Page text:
One of the many unnerving things about pregnancy, I have discovered, is its effect on my ability to function as a normal conversationalist (at least compared to my own baseline standard, such that it is). By this I mean that I am constantly at war with my own preoccupation with my physical self: I’m hyper-focused on minute changes in my body, and have to bite back the urge to share these observations with people who don’t give a shit (ie, everyone except me). It is Seth who bears the crushing boredom of my prattling about, say, a late-breaking ache in my pelvic bones brought on by the baby’s dropping.
I remember working with a pregnant colleague who answered my every casual a.m. “How’s it going?” with a detailed catalog of ever-changing but always grim physical manifestations of her state. It was really tedious, but now I understand the self-sensitivity that brought it on and I feel like a jerk for not having the insight to recognize her need to document what can be a very strange period of life.
Naturally enough, coworkers and friends want to talk about pregnancy and parenthood with me now, which is cool, except when it’s not. For instance, someone told me early in my pregnancy that she “couldn’t wait” to see me “fat and waddling around in flat shoes.” The fat thing…sigh. In my experience, most ladies have a pretty complicated relationship with weight gain, but in the context of your average pregnancy, there is not a question of fat, just the inevitability of natural, gestation-supporting weight increase. As for waddling and flat shoes, that shit only goes down in the privacy of my own home. I’m in heels every day at work, gliding around as sylph-like as I can manage while carrying a full-term baby. But that’s a stupid annoyance.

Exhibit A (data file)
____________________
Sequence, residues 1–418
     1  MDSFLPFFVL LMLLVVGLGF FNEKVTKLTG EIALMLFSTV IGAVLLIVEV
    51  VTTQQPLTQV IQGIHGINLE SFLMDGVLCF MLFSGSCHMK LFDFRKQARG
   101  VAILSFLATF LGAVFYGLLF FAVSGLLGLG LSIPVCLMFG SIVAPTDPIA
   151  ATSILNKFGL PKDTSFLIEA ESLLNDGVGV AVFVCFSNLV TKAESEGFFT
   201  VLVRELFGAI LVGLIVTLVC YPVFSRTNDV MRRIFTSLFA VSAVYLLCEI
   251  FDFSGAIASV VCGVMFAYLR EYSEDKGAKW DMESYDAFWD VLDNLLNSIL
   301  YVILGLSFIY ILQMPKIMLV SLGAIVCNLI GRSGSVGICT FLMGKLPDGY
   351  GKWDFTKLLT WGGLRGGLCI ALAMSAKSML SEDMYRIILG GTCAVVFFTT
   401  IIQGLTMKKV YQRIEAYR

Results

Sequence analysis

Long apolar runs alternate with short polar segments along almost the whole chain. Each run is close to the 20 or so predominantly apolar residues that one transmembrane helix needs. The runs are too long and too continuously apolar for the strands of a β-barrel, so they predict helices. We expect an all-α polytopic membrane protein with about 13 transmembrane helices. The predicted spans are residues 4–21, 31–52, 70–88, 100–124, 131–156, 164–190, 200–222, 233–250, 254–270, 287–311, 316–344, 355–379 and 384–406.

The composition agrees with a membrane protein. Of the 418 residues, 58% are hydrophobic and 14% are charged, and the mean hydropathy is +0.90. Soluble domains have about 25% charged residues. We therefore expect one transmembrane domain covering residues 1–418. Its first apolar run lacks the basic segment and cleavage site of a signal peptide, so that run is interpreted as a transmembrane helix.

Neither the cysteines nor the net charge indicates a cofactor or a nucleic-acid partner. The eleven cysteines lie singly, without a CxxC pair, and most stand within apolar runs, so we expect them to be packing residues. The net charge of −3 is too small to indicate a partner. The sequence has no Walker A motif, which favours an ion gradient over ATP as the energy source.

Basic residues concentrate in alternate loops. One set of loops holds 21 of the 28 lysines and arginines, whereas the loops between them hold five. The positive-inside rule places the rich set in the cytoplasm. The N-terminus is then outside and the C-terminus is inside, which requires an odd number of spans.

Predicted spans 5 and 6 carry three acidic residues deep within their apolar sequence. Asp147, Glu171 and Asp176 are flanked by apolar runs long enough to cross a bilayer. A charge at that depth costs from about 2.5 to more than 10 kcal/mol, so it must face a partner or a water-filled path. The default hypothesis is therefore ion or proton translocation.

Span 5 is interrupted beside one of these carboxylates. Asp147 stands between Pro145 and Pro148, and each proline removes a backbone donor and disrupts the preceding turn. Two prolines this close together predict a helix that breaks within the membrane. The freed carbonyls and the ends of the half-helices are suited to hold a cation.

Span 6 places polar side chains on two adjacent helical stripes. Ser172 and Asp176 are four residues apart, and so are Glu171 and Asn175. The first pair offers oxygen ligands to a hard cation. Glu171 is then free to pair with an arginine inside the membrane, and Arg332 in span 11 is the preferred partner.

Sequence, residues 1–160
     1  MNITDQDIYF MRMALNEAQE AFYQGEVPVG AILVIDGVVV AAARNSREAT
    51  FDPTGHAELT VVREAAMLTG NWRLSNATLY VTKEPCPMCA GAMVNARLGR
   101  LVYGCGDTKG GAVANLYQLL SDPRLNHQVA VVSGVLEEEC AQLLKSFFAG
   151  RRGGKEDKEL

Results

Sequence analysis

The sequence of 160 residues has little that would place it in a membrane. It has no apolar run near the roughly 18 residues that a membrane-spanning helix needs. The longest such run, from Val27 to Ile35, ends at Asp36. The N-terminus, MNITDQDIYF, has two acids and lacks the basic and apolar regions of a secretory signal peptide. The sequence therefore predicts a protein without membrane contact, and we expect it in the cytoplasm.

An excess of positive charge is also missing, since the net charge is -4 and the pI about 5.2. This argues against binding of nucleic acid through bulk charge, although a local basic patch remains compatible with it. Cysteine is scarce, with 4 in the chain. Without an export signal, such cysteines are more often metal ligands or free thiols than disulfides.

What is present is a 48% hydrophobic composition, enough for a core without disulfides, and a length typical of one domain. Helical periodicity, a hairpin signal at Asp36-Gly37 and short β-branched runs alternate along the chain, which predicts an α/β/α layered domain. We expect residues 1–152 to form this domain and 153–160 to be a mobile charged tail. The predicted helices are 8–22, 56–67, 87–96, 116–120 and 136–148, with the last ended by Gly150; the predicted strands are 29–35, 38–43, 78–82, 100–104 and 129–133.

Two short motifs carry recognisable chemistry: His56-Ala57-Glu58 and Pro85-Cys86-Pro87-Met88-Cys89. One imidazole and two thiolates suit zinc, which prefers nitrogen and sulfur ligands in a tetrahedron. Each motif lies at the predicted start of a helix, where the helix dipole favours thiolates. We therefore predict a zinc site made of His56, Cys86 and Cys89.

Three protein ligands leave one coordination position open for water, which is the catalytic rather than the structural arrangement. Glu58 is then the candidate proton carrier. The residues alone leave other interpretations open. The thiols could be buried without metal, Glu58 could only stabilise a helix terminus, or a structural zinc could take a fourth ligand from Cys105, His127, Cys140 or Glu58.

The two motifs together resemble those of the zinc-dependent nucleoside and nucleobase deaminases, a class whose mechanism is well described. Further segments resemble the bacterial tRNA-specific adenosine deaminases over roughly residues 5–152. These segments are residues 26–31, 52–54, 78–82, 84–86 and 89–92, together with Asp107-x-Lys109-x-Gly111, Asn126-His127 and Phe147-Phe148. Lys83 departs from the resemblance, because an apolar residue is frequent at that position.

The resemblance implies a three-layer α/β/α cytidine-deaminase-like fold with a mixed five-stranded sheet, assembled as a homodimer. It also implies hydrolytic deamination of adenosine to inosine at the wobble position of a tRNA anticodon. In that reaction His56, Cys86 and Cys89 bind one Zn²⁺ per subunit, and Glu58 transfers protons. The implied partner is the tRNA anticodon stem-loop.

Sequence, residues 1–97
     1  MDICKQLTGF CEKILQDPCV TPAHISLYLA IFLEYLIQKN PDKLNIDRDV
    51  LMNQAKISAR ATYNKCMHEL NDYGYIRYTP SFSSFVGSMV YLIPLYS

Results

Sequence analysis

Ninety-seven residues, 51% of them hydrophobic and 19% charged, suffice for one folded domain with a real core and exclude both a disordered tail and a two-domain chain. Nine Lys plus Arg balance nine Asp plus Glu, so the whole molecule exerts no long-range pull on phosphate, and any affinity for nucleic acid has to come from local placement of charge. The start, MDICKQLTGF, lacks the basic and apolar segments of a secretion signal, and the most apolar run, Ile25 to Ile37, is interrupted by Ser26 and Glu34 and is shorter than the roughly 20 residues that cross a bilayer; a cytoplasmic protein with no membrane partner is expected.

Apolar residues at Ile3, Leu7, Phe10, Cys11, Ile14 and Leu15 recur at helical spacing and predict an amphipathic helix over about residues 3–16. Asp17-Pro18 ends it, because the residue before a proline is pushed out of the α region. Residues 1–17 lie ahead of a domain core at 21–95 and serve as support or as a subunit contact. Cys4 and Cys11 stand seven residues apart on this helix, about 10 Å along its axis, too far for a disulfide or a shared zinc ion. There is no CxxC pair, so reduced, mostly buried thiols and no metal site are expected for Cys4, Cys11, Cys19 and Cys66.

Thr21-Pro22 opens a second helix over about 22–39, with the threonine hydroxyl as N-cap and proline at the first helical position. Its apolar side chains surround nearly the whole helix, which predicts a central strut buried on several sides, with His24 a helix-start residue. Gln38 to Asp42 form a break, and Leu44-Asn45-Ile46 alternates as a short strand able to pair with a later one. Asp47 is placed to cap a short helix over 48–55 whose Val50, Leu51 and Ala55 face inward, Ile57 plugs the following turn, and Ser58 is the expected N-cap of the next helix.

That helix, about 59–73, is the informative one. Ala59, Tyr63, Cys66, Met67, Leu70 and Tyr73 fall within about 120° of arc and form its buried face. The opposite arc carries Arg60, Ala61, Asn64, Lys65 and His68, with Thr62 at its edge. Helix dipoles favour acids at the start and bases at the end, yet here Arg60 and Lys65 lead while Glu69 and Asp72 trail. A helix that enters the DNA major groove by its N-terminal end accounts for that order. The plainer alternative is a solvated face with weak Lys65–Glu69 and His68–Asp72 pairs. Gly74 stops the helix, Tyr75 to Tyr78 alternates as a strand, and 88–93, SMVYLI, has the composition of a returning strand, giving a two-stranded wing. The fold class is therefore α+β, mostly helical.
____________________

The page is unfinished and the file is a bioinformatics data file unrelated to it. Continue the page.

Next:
There are real conversational landmines with pregnancy and parenting that I had only passing experience with in my pre-pregnant state. For instance, labor and delivery. A sample query: “You’re not one of those crazy people who thinks she has to have an unmedicated birth, are you?” (So of course I totally am.) Sometimes this query comes out in a much more subtle form, but it’s always been from ladies who had to have c-sections. These ladies each also said some variation of this: “It’s not a contest.” But who is turning it into a contest, the interlocutor who prompted me to state my ideal-scenario preference, or me?
I think we both know, and the part that makes me sad is that the line of questioning and the defensive posture suggest to me that there’s a certain amount of emotional scar tissue around the experience of birth that these particular women had (not that they necessarily wanted unmedicated births, but all of them had non-elective c-sections for reasons related to their own or their babies’ health). I mollify these women with the truth, which is that an unmedicated birth is my ideal scenario, but that it is impossible to predict how I will respond to labor. It’s also impossible to predict whether the position of the baby’s head, for example, will create a literal impasse that will require emergency intervention. In short, I’m prepared to roll with it. What else can you do? Birth is an experience that is outside the boundaries of control.